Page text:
I went ghost hunting on Thailand’s most popular supernatural show
Thai people are one of the biggest fans of horror, with our mediascape packed with spooky supernatural content, ranging from ghost films and monster legends to documentaries about real-life strange happenings.
Any local would agree that Khon Uad Phee is the most famous ghost television programme in Thailand, featuring talks on the paranormal as well as trips to haunted locations. Lucky or not, I myself had the opportunity to be on the show hunting for “ghosts” – here’s how it went, and why I would never do it again.
Other haunted things in Thailand:
- Santika Club: haunted nightclub in Bangkok
- Computer games based on Thai horror films
- Scariest Thai ghost and monster stories
About Khon Uad Phee
Khon Uad Phee, a.k.a. “Man vs Ghost”, is a Thai variety talk show centred around ghosts, life-after-death, and other supernatural topics. It is currently broadcasted on Workpoint TV (Channel 23) every Wednesday.
Image credit: WorkpointOfficial
One of the most popular sections in the programme includes Soun Bantao Tuk Phee, where guests are invited to share their life problems based on supernatural causes and are met with karmic solutions by paranormal expert, Host Riew.
Guest claiming to feel a presence on his right in one of the La The Phee episodes
The most thrilling part of the programme, however, would probably be La Tha Phee, which translates to “Ghost Hunter” in English. In this segment, guests such as celebrities and volunteers from the audience are put on a ghost hunting mission at one of Thailand’s many notoriously haunted places in each episode.
They can be seen doing crazy challenges to summon ghosts like tampering with sacred objects that are meant to ward off evil spirits or sitting in a closet where a murder victim’s body was once hidden in. As you might have guessed, it’s all to prove whether or not ghosts exist.
The participant who claimed that he couldn’t get up
Translation: Can someone please come get me?
It is during La Tha Phee that we can see many spine-chilling events – one of the most hair-raising episodes includes a man being unable to get up after lying on a spot in a house where someone was allegedly murdered only a few days ago.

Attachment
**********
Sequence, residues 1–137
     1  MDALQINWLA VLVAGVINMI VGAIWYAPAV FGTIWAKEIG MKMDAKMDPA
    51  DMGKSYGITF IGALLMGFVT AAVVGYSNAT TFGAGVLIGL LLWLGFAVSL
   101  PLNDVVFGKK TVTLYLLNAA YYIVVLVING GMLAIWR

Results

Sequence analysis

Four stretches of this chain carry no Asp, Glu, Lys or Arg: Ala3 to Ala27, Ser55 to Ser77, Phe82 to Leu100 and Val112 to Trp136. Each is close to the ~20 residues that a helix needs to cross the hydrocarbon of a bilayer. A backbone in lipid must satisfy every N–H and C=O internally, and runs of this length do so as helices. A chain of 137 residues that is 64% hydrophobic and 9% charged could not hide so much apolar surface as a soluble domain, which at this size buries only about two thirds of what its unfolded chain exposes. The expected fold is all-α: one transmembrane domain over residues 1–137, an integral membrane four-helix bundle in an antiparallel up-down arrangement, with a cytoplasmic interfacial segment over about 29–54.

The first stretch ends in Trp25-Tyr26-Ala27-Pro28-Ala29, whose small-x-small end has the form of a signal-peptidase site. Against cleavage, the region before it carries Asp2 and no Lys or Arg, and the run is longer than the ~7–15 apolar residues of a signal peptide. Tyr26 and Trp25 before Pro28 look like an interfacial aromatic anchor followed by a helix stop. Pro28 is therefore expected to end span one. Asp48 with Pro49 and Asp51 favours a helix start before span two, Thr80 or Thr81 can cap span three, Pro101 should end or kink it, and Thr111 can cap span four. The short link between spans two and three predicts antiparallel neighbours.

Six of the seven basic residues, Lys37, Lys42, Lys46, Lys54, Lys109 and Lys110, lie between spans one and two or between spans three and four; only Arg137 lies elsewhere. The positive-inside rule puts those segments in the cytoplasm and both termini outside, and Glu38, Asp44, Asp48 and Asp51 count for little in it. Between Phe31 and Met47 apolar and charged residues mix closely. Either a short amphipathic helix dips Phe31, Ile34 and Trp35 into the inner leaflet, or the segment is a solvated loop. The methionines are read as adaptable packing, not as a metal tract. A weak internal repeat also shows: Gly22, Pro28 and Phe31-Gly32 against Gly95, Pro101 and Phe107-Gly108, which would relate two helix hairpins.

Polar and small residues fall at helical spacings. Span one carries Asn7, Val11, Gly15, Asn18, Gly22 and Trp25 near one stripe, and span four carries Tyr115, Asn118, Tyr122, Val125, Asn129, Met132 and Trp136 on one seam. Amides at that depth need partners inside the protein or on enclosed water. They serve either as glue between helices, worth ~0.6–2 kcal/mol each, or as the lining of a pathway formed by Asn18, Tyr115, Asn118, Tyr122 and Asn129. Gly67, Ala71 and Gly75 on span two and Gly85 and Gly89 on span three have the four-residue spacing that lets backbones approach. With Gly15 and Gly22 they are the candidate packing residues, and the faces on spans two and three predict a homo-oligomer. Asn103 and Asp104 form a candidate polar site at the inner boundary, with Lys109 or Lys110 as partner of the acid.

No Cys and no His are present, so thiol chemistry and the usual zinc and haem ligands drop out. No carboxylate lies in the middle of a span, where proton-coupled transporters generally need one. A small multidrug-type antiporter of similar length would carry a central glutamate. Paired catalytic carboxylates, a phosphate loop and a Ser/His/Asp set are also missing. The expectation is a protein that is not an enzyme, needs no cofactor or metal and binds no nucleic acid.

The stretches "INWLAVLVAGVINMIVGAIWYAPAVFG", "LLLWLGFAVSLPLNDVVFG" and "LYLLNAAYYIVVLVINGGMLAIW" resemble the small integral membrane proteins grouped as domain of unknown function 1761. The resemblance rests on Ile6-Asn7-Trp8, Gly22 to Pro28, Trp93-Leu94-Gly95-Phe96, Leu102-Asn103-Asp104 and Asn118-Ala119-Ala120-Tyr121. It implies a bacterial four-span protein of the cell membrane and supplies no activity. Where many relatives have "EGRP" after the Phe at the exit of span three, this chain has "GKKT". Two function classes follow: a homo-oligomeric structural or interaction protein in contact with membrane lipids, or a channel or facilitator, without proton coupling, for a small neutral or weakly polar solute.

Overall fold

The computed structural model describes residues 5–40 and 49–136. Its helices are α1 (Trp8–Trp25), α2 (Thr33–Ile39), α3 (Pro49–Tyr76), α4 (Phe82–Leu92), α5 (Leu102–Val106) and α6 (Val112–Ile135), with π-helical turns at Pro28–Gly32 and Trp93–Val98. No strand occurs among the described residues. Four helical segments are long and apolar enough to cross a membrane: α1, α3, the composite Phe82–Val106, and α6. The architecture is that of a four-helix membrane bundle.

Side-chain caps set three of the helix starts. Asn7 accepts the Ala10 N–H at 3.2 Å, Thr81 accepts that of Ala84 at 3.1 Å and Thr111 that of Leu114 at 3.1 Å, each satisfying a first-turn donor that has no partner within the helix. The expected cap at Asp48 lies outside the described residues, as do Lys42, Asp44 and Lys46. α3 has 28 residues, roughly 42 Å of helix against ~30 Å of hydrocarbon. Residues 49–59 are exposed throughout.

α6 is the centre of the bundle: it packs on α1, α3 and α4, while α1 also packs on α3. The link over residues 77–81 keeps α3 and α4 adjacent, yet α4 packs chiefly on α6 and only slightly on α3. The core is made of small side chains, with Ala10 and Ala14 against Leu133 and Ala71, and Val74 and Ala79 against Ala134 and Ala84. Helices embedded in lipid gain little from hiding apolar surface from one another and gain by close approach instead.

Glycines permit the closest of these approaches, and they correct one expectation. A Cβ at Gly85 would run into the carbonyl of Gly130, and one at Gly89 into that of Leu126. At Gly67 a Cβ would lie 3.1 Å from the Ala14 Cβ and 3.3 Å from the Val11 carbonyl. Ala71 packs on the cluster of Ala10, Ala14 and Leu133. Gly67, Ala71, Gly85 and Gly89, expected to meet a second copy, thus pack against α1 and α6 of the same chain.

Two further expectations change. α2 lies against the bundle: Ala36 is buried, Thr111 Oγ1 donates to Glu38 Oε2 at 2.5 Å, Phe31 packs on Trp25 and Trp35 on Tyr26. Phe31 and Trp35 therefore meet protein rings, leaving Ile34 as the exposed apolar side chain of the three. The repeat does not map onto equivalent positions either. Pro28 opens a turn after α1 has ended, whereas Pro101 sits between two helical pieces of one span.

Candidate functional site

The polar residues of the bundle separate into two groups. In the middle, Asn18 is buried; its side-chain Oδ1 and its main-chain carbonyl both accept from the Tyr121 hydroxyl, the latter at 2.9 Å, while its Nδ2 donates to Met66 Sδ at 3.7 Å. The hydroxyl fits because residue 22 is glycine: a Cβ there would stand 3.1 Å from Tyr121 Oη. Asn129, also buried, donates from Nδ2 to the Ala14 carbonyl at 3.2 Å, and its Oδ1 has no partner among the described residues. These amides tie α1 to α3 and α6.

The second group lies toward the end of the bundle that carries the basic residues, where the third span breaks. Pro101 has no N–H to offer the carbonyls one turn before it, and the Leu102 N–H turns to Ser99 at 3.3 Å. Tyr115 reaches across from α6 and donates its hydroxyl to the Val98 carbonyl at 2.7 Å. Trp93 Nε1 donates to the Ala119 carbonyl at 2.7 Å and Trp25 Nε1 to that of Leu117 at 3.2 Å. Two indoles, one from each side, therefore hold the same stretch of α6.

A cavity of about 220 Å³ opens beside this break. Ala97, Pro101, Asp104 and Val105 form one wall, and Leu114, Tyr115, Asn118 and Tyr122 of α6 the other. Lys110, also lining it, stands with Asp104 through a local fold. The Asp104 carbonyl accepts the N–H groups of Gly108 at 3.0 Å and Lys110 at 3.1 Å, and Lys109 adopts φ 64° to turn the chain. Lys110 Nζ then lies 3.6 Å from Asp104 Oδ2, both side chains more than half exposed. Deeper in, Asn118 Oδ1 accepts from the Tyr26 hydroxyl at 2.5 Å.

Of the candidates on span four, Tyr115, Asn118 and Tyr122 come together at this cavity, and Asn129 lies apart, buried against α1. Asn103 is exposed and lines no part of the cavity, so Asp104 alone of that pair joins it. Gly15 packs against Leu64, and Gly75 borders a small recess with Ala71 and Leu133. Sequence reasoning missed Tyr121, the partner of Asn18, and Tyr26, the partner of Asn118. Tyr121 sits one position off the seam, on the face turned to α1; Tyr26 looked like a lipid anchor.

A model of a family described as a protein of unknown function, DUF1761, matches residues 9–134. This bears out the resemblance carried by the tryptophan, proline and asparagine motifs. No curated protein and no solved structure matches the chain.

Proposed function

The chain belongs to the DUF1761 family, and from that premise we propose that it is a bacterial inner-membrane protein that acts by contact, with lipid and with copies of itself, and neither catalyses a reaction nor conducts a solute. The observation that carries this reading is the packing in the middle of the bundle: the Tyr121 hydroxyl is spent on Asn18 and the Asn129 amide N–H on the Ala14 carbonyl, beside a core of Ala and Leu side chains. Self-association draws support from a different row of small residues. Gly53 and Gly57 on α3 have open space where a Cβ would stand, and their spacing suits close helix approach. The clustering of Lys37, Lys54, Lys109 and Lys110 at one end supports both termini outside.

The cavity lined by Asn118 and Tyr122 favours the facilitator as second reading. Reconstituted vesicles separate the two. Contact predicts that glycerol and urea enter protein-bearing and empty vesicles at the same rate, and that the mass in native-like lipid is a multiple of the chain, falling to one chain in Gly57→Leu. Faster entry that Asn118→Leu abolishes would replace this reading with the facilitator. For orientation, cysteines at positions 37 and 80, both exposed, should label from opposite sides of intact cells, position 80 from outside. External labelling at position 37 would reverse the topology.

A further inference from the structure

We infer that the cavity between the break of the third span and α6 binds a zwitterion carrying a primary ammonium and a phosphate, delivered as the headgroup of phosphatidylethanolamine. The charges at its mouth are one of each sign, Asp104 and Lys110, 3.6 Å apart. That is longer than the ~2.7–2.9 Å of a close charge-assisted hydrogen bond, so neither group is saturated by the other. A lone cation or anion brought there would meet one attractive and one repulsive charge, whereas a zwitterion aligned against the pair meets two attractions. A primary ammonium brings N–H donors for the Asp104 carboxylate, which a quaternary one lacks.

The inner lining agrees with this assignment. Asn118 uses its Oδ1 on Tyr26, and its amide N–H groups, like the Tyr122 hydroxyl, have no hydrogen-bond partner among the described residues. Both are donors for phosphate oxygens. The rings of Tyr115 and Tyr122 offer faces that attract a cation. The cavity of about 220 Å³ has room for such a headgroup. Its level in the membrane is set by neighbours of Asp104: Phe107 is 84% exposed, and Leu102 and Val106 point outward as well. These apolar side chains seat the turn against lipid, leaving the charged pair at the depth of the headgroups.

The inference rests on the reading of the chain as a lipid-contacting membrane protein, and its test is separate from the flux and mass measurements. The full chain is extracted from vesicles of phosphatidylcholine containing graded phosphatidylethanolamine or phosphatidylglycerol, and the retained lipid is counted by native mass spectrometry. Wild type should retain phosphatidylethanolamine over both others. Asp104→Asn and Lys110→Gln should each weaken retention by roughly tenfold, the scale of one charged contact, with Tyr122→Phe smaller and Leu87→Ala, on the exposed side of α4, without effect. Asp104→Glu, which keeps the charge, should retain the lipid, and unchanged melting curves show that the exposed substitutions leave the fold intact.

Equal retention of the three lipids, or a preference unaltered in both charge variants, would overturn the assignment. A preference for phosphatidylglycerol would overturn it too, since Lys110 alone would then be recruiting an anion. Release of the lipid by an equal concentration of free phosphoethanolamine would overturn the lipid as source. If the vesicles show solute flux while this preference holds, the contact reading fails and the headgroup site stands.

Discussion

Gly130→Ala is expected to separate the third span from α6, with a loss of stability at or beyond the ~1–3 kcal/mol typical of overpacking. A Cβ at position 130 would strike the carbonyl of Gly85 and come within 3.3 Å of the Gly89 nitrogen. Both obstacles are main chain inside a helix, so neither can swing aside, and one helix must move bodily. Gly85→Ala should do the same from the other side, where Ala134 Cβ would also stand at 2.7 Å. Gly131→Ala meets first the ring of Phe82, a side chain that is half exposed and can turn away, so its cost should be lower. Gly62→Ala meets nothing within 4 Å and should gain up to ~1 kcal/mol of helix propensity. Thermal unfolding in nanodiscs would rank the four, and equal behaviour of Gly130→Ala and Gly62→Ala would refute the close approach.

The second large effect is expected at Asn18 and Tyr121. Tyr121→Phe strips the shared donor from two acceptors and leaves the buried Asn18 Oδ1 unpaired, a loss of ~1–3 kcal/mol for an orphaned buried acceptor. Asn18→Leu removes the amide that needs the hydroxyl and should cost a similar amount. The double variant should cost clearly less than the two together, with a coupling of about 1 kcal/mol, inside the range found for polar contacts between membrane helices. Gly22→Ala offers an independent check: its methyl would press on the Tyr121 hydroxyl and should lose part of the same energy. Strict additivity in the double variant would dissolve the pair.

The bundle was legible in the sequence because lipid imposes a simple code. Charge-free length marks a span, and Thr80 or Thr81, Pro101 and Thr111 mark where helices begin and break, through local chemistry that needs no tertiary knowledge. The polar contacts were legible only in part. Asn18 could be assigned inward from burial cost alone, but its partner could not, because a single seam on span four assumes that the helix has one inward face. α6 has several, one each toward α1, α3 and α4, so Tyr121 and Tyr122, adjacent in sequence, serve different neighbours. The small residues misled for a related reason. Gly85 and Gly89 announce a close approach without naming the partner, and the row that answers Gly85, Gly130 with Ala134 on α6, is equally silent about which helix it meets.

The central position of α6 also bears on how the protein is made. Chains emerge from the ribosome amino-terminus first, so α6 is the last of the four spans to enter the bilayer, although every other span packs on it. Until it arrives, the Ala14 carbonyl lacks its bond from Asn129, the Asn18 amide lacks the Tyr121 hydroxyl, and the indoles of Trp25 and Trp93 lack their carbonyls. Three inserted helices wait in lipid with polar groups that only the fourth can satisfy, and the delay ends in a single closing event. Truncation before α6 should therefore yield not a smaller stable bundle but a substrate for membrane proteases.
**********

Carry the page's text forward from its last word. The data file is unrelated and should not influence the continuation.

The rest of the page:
The guest further shared that he felt like someone was on top of him – we’re getting flashbacks to Shutter.
The shooting was intentionally set seven days after the crime event to test out a widespread belief that spirits would return on the seventh day following their deaths. According to the happenings in the video, it seems that they in fact do.
Fortunately, I didn’t experience any of such moments, although I still had to do things that would haunt me for months after the show.
My experience ghost hunting on La Tha Phee
Being a member of a Thai girl group, Candy Mafia, I was invited as a celebrity guest to appear on La Tha Phee back in 2012. Despite my reluctance – which definitely seeped through the screen – I went ahead and joined following my manager’s advice. He said that I would be missing a big opportunity to star in a famous TV show had I not gone, and somewhere deep down, I agreed.
A promotional image for the episode I was on
Image credit: Workpoint Entertainment
Translation: Recounting Jen Yanthip’s words, “The ghosts here are hostile, something bad could happen”. Will Nune from Candy Mafia be brave enough to go through the missions? Don’t miss Khon Uad Phee, this Wednesday 10.30PM on Channel 5.
The location was unknown to me until a few days before the shooting date, which further contributed to the anxiety I’d already been feeling since I received the invitation. Knowing that Thai ghost stories usually occur at temples, I was not excited to hear we were going to an abandoned temple on the outskirts of Bangkok – areas that are known to be a pit full of graveyards.
According to the locals, the temple became haunted after the crematorium was torn down in order to build a new one. Spirits of those cremated at the original crematorium were said to be so unhappy with the decision that spooky events kept happening, and the construction project was ultimately terminated.